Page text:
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Arbeiten lohnt sich nicht - ein zweites Kind noch weniger. Zu den Auswirkungen einkommensabhängiger Tarife auf das (Arbeitsmarkt-) Verhalten der Frauen

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  • Monika Bütler

Abstract

Child-care subsidies are meant to facilitate work for mothers with small children. The paper demonstrates that the predominant current income-dependent subsidy scheme in Switzerland (which is currently also discussed in Germany) creates strong negative work incentives especially for well qualified women. The example of the city of Zurich shows that it does not pay off for mothers to work more than one to at most three days per week, as any increase in the hours worked leads to a more than proportional rise in child-care costs. For more than one child, the effective total marginal tax rate, including child-care expenditures, can well exceed 100%. This effect is primarily due to the endogenous pricing of child-care facilities implied by the scheme, and much less to progressive taxation. Pushing these mothers out of the labor market creates a loss in human capital and tax revenues. Copyright 2007 die Autoren Journal compilation 2007, Verein für Socialpolitik und Blackwell Publishing Ltd.

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Bibliographic Info

Article provided by Verein für Socialpolitik in its journal Perspektiven der Wirtschaftspolitik.

Volume (Year): 8 (2007)
Issue (Month): 1 (01)
Pages: 1-19

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Handle: RePEc:bla:perwir:v:8:y:2007:i:1:p:1-19

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  1. Connelly, Rachel, 1992. "The Effect of Child Care Costs on Married Women's Labor Force Participation," The Review of Economics and Statistics, MIT Press, vol. 74(1), pages 83-90, February.
  2. Galor, Oded & Weil, David N, 1996. "The Gender Gap, Fertility, and Growth," American Economic Review, American Economic Association, vol. 86(3), pages 374-87, June.
  3. Del Boca, Daniela, 2002. "The Effect of Child Care and Part Time Opportunities on Participation and Fertility Decisions in Italy," IZA Discussion Papers 427, Institute for the Study of Labor (IZA).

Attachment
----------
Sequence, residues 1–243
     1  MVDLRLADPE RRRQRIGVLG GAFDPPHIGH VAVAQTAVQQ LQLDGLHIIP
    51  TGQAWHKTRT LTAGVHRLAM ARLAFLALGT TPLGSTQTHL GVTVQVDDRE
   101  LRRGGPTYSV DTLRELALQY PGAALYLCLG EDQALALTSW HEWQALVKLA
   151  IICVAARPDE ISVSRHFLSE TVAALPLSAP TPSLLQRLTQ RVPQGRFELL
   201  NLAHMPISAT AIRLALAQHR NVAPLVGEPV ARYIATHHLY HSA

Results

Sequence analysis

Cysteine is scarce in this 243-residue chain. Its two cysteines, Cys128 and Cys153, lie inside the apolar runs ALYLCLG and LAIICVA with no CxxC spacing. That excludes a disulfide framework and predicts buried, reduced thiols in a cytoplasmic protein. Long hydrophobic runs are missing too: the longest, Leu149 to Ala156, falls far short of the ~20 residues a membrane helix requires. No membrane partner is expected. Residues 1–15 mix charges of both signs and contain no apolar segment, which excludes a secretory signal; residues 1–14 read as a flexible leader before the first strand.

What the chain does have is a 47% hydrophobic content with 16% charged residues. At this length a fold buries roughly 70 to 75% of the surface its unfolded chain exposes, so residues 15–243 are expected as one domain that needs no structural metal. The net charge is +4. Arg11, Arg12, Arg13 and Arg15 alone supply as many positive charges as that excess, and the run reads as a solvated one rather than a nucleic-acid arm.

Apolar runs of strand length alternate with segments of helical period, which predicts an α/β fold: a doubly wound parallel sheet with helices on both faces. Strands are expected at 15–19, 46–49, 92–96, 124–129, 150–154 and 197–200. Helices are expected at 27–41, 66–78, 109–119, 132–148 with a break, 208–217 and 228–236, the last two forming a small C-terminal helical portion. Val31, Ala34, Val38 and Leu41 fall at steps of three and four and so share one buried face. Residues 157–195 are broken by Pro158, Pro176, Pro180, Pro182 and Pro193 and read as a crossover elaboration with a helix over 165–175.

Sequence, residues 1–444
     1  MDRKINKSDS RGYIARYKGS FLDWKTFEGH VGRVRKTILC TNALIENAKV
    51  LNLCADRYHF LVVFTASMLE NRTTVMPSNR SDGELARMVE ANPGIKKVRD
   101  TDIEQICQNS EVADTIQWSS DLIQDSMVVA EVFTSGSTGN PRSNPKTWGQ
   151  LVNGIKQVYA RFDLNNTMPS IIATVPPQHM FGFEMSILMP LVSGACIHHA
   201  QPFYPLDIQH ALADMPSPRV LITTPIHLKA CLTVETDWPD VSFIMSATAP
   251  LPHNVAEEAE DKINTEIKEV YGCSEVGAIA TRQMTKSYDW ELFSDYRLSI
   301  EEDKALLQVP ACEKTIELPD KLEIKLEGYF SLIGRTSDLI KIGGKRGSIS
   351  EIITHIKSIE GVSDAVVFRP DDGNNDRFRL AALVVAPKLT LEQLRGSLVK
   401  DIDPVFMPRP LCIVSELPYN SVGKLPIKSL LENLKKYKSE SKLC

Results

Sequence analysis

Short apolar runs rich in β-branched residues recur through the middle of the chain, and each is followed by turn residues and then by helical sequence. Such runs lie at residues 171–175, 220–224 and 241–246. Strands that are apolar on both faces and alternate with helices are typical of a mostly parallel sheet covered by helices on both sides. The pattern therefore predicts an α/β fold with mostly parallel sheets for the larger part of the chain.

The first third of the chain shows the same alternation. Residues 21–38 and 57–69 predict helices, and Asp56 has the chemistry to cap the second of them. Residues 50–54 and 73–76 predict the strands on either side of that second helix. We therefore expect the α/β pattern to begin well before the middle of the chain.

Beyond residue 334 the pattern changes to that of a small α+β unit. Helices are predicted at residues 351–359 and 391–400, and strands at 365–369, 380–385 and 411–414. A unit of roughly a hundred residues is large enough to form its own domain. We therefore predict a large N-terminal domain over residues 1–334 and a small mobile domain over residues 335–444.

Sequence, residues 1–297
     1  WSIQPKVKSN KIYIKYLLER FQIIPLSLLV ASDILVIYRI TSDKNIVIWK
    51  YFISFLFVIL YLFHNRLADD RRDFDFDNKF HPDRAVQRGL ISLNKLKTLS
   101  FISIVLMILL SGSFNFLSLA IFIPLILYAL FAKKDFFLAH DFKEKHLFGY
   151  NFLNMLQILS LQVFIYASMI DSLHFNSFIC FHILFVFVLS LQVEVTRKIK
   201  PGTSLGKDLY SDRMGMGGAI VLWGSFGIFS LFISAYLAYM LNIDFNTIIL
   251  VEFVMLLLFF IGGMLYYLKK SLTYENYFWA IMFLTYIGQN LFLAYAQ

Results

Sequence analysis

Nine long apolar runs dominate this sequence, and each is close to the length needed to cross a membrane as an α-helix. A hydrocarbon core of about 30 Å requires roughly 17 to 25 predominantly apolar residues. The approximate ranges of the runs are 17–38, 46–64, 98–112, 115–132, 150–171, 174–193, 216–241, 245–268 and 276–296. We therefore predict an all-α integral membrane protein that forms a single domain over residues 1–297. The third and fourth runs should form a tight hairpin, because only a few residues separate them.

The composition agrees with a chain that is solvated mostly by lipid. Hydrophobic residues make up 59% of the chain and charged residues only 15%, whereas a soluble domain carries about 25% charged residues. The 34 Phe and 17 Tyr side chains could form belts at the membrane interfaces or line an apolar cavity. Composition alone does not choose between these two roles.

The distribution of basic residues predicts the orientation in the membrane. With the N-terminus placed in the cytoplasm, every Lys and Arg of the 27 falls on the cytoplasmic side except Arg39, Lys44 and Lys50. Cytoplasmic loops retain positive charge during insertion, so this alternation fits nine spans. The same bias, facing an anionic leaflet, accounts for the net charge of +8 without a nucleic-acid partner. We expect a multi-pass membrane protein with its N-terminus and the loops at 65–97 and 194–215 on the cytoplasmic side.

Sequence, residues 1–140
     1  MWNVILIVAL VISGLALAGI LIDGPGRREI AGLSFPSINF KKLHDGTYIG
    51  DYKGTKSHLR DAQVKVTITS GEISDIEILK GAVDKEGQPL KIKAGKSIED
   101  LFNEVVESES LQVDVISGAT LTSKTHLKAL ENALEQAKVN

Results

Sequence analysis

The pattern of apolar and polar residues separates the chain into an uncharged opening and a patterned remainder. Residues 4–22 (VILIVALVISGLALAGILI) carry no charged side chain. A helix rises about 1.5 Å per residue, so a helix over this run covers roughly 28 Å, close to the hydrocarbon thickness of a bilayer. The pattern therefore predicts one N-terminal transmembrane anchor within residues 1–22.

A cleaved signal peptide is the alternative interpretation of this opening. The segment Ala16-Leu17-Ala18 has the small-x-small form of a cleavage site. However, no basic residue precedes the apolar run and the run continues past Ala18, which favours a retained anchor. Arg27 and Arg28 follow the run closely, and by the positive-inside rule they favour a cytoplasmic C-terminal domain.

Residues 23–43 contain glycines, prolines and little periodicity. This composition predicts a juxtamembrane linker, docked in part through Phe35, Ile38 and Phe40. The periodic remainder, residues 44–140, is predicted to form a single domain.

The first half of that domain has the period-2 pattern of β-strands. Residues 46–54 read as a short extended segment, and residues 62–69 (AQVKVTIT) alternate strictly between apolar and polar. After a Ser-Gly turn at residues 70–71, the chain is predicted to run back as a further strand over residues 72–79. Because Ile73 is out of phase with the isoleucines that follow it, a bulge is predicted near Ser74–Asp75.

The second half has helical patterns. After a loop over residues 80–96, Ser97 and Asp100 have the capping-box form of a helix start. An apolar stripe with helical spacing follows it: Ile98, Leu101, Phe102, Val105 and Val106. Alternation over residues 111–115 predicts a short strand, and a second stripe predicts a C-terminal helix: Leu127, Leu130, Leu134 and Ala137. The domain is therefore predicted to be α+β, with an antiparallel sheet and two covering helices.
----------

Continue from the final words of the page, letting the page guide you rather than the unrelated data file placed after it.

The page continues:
4. Wrohlich, Katharina, 2005. "The Excess Demand for Subsidized Child Care in Germany," IZA Discussion Papers 1515, Institute for the Study of Labor (IZA).
  5. Susan L. Averett & H. Elizabeth Peters & Donald M. Waldman, . "Tax Credits, Labor Supply, and Child Care," University of Chicago - Population Research Center 92-9a, Chicago - Population Research Center.
  6. Jenkins, Stephen P & Symons, Elizabeth J, 2001. "Child Care Costs and Lone Mothers' Employment Rates: UK Evidence," Manchester School, University of Manchester, vol. 69(2), pages 121-47, March.
  7. Djurdjevic, Dragana, 2005. "Women's Labour Supply after Childbirth: An Empirical Analysis for Switzerland," Darmstadt Discussion Papers in Economics 37208, Darmstadt Technical University, Department of Business Administration, Economics and Law, Institute of Economics (VWL).
  8. Apps, Patricia & Rees, Ray, 2001. "Fertility, Female Labor Supply and Public Policy," IZA Discussion Papers 409, Institute for the Study of Labor (IZA).
  9. Siv Gustafsson & Frank Stafford, 1992. "Child Care Subsidies and Labor Supply in Sweden," Journal of Human Resources, University of Wisconsin Press, vol. 27(1), pages 204-230.
  10. Maria Chiuri, 2000. "Quality and Demand of Child Care and Female Labour Supply in Italy," LABOUR, CEIS, vol. 14(1), pages 97-118, 03.
  11. Blau, David M & Robins, Philip K, 1988. "Child-Care Costs and Family Labor Supply," The Review of Economics and Statistics, MIT Press, vol. 70(3), pages 374-81, August.
  12. Becker, Gary S & Lewis, H Gregg, 1973. "On the Interaction between the Quantity and Quality of Children," Journal of Political Economy, University of Chicago Press, vol. 81(2), pages S279-88, Part II, .
  13. Ribar, D.C., 1991. "A Structural Model of Child Care and the Labor Supply of Married Women," Papers 1-91-1, Pennsylvania State - Department of Economics.
  14. Jean Kimmel, 1998. "Child Care Costs As A Barrier To Employment For Single And Married Mothers," The Review of Economics and Statistics, MIT Press, vol. 80(2), pages 287-299, May.
  15. A. Chevalier & T. K. Viitanen, 2002. "The causality between female labour force participation and the availability of childcare," Applied Economics Letters, Taylor & Francis Journals, vol. 9(14), pages 915-918.
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